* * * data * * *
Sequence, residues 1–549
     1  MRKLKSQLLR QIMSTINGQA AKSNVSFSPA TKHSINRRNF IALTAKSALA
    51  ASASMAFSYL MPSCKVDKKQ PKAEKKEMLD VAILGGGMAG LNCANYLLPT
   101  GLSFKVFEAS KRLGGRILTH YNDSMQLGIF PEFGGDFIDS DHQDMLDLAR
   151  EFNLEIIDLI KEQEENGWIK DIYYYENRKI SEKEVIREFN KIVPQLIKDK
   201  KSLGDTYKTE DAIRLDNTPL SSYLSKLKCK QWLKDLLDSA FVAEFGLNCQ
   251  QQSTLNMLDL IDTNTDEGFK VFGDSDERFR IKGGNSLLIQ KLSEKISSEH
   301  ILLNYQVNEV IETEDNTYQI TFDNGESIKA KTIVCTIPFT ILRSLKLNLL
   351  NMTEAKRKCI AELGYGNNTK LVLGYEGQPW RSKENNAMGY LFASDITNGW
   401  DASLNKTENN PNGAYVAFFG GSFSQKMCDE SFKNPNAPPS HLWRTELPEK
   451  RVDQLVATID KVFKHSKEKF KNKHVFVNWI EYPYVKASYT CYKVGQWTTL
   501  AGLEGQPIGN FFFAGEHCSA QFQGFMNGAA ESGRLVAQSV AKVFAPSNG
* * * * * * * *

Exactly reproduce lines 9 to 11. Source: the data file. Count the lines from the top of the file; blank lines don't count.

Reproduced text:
   351  NMTEAKRKCI AELGYGNNTK LVLGYEGQPW RSKENNAMGY LFASDITNGW
   401  DASLNKTENN PNGAYVAFFG GSFSQKMCDE SFKNPNAPPS HLWRTELPEK
   451  RVDQLVATID KVFKHSKEKF KNKHVFVNWI EYPYVKASYT CYKVGQWTTL